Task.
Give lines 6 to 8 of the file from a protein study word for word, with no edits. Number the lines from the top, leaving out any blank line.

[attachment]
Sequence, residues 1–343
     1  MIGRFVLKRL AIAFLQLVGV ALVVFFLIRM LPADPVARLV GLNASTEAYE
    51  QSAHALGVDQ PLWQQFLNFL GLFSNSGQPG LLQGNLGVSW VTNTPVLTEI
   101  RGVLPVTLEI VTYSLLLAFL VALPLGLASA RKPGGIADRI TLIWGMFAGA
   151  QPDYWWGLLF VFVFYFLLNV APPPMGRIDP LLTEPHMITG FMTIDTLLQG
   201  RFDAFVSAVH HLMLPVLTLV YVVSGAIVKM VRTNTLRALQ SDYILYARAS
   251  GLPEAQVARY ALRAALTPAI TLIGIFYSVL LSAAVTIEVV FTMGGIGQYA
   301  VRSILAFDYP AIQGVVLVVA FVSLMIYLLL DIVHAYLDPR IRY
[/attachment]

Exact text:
   201  RFDAFVSAVH HLMLPVLTLV YVVSGAIVKM VRTNTLRALQ SDYILYARAS
   251  GLPEAQVARY ALRAALTPAI TLIGIFYSVL LSAAVTIEVV FTMGGIGQYA
   301  VRSILAFDYP AIQGVVLVVA FVSLMIYLLL DIVHAYLDPR IRY